*will be removed soon. just kept here for reference* Employer Resources and Guidelines

Here at Arrow, we aim to help you not just to find a helper, but also keep them and ensure that you would get quality service. Here are some important guidelines that may help you do so:

Preparing for Arrival


Once your helper arrives, you're going to have to make necessary adjustments as you live with an additional human being in your home.


+ Job Description

Your helper needs a simple job description. If you don't have a written job description, you have NO basis for doing a job performance evaluation. Here are 5 elements of a good job description:

Purpose Statement
Tell your helper briefly why you hired her. You hired her to make your life better by:

  • removing the burden of housework, laundry and cooking from your shoulders so that you can devote more time to your kids, your friends, the next great novel you are writing, etc.
  • enabling you to entertain guests more frequently
  • someone to caretake the home so you can travel, etc.

Explain what your priorities for her are:

  • childcare
  • cooking
  • cleaning
  • laundry
  • entertaining etc.

List the major tasks you expect her to do as part of her work.

  • housework: room by room cleaning list
  • marketing: including record keeping,
  • cooking: who makes the menus, recipes, etc
  • laundry: machine, handwash, etc.
  • childcare
  • auto care
  • pet care

Write a weekly schedule, including morning, afternoon and evening activities.

Helpers want to know how to win the game. What will make you feel that you have hired a great helper? What is a passing grade in your eyes?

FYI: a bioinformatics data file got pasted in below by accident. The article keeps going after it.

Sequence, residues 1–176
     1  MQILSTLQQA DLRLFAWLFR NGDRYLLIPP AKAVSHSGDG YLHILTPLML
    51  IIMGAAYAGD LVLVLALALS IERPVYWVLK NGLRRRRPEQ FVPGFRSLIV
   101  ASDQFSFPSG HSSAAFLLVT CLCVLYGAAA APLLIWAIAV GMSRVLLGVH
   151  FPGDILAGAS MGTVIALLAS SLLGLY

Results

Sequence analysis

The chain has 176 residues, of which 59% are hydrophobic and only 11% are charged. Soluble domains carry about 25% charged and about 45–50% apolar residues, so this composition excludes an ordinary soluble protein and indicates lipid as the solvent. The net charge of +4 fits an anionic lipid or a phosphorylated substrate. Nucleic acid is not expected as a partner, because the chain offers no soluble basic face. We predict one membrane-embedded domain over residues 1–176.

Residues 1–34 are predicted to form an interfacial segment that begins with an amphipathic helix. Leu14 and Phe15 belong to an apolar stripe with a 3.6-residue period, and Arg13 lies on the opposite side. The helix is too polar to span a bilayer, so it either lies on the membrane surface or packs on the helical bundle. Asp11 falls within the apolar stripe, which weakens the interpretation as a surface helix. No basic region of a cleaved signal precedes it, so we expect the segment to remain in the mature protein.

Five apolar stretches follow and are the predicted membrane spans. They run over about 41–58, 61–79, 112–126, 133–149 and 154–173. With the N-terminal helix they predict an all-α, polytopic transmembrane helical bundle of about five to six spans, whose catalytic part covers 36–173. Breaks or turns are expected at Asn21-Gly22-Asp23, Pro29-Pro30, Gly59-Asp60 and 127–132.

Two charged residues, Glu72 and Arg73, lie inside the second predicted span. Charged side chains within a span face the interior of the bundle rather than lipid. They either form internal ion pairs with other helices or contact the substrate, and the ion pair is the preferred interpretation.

• "If my children are clean, fed, out the door on time, safe and generally happy - that is winning for me."
  • "If my house is clean and tidy (not spotless) and meals are nutritious and reasonably tasty, that is a win for me."
  • "If my clothes are clean, ironed and where they are supposed to be when I need them - that is a win for me."

Taking time to write a simple job description will help both you and your helper to get off to a good start.

+ Timetable

Your helper needs a written timetable to help her learn her job and adjust to your family. Below is a general timetable. Please adapt and prepare your own timetable. Keep in mind that your helper needs time everyday for her personal needs: bathing, time to check her Facebook, talk to her kids, etc. She also needs a minimum of 7-8 hours of sleep a night.

Duty Schedule:

  • Wake up: 06:30
  • On Duty: 07:00
  • Off Duty : 21:30


  • Breakfast: 06:45
  • Lunch time: 12:30
  • Tea break: 15:45
  • Family dinner: 19:30


  • Wash the clothes by washing machine
  • Prepare breakfast
  • Hang the clothes
  • Go to the market
  • Prepare lunch, wash all dishes & utensils after lunch
  • Sweep & wipe the floors with wet towels(both sitting room & bedrooms)
  • Tidy up kids bedroom
  • General dusting sitting room & kids’ bedroom
  • Clean the toilet, wash basin


  • Do weekly routine work
  • Tidy up master room when sir wake up
  • Collect clothes if they are dry enough, fold them, iron clothes(all school uniforms, sir’s shirts must be ironed properly)
  • Evening
  • Prepare dinner, wash all dishes, utensils after dinner
  • Clean up the kitchen
  • Clean the bath tub & toilet after your bath

Weekly routine work

  • Monday: clean all doors & gate, outside balcony
  • Tuesday: clean all windows
  • Wednesday: clean & wash all bed sheet, pillow cover for the whole family
  • Thursday: clean all electric fans & exhaust fans
  • Friday: clean air conditioning filter
  • Saturday: Nail cutting for kids’ fingers, feet
  • Sunday: Day Off

+ Family briefing

Families are complicated. Before your helper arrives, sit down with your family and prepare them for the arrival of your helper. Here are some issues to think through:

  • Who will the helper report to?
  • What is the role of grandparents when you are at work?
  • What should grandparents do if they are having trouble communicating with the helper?